Our preferences are shaped by the media we consume.
The more I read my study material for my financial certifications, the less I find myself noticing the gender inclusive pronouns (which normally evoke irritation). In some ways, it’s inevitable. Put yourself in an environment long enough, and it starts to shape you in ways that you do not realize.
The reluctance of evangelical leaders to endorse Mike Huckabee in light of his recent success has been well documented. It’s pretty clear they were hoping for someone else (presumably Romney or Fred) to win the crowd and make their lives easier. It didn’t happen. And now they face the unenviable choice of choosing whom they presume to be the “pragmatic” candidate–Romney–or choosing the upstart whom their base is dying to see succeed (and make no mistake about the base’s eagerness on this score–Huckabee pulled in probably $80,000 today in online donations).
Why the reticence? It’s clear that religious leaders have drunk deeply at the “unelectable” well (Ross Douthat channels it here). They are interested not only in a candidate who represents their values, but a candidate who can win the primary. And who can blame them? Everyone wants to back a winner.
But this is the delicious irony pro-life leaders have placed themselves in. As some people are starting to recognize, Huckabee is both the principled AND the pragmatic choice for pro-life leaders. If he makes it out of the primaries, he’ll win the general handily.
In a race of Hillary and Huck, it’s obvious who inspires more people and speaks their language more effectively, and whose policies have a broader reach across both aisles. It is what my high school teacher used to call a “duh shot”–so obvious that we didn’t see it until now.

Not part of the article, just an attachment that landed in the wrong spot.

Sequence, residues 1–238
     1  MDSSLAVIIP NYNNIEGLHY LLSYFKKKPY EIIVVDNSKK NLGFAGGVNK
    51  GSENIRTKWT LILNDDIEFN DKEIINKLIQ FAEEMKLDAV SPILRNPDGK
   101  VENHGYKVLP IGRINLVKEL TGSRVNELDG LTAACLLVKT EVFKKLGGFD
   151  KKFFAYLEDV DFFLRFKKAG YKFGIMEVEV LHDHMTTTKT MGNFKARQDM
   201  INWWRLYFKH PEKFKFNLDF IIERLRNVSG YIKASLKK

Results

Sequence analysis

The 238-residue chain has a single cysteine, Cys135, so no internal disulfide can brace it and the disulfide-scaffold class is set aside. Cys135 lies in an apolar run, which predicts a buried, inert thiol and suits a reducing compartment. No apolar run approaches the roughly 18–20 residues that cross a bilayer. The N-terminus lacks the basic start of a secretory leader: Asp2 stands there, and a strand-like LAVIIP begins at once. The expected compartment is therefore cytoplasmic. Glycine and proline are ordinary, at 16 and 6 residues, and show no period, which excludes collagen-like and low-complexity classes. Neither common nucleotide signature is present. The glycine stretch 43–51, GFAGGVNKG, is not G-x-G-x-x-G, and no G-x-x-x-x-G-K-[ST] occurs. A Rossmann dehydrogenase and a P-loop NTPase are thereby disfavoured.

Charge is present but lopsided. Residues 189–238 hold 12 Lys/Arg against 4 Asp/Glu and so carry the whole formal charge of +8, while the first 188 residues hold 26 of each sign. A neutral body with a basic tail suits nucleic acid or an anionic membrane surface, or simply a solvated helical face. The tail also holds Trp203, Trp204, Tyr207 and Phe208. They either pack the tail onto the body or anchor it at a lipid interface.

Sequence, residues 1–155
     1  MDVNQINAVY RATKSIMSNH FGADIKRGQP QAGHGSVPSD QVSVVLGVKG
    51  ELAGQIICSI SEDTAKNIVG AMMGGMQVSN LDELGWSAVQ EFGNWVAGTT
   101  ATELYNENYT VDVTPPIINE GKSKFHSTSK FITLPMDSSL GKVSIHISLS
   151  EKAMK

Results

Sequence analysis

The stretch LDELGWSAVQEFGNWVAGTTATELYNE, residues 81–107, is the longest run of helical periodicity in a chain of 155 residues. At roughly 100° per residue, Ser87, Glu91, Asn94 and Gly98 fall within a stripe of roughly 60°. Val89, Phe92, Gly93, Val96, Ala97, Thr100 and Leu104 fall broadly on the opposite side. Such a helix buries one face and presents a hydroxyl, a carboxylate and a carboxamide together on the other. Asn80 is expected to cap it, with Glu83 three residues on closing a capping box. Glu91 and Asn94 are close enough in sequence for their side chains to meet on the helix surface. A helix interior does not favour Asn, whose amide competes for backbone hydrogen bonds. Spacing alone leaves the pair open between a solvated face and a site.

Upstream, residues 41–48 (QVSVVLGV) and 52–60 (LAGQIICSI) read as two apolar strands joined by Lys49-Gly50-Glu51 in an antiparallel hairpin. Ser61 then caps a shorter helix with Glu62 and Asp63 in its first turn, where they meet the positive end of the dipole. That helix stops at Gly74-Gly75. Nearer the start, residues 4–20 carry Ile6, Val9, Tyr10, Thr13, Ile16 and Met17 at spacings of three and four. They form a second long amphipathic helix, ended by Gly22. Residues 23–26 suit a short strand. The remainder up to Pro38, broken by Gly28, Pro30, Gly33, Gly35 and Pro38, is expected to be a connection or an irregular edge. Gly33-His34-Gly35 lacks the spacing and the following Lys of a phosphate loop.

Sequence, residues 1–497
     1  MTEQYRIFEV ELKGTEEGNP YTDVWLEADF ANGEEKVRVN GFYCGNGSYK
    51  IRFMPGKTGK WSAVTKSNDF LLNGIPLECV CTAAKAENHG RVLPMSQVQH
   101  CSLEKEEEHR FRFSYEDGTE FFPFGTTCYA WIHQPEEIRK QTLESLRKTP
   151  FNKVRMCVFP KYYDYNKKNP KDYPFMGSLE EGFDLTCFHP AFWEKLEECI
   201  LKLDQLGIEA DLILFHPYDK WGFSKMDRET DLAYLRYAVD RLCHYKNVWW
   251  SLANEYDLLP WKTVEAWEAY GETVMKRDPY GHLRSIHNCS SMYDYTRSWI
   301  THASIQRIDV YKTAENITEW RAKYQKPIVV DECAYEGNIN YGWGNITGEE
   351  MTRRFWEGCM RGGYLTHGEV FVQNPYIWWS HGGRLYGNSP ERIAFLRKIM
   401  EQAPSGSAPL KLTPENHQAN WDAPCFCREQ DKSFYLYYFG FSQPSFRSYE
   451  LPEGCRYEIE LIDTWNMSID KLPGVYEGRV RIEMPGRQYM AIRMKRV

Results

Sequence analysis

If it were Hillary or Romney, however, Romney’s slick demeanor is going to make it hard for him to reach out to people, and his conversion on pro-life issues (even if comparison) will inevitably draw comparisons to another recent northeast presidential candidate. It’s a comparison–regardless of whether it’s deserved–he’s going to struggle to beat.
Then why aren’t the endorsements from pro-life leaders falling from above, like manna to the hungry pro-life crowd? This is the deep irony of this election cycle. It has exposed the fact that pro-life leaders bow to the narratives of the mass media they claim to despise. And in dismissing Mike Huckabee on grounds of electability,they reveal their powerlessness to the world. If values voters were really powerful, we would ignore electability and elect our own candidate because we can. As Noam Shiber writes,
I’d add that social conservative leaders generally prefer to support mainstream, front-running candidates because mainstream front-runners don’t usually need much help winning elections. And when they do win, they can turn around and claim to have put them over the top. Low risk, high reward, in other words. But more marginal candidates like Huckabee need a lot of help winning, probably significantly more so than the elites can deliver. Worse, if you get behind a Huckabee and he comes up short, it exposes your movement as relatively powerless. And, of course, even if he wins you can’t really take credit. So the crass calculation here is the opposite: high risk, low reward.
Pro-life leaders have a candidate before them who clearly and unambiguously adheres to the values they claim to represent within the party, and who is able to electrify their own constituency in a way they are not. But they have refused to endorse him for fear appearing politically impotent should he lose.
Of course, if they had thrown in with Huckabee six months or a year ago, I wouldn’t be writing this. Huckabee would be a solidly top tier candidate with enough money to dismiss any notions that he can’t compete with the Romneys, Giulianis, or Hillary’s of the world.
But they did not. And it is not yet clear that they will. They may have the political hubris to ignore the clear message at the Washington Briefing and endorse Romney. But they should remember that political pride goeth before the political fall; if nothing else, if they refuse to risk their perceived power over politics, they will will lose the respect and admiration of this member of their constituency.
And I doubt I am alone.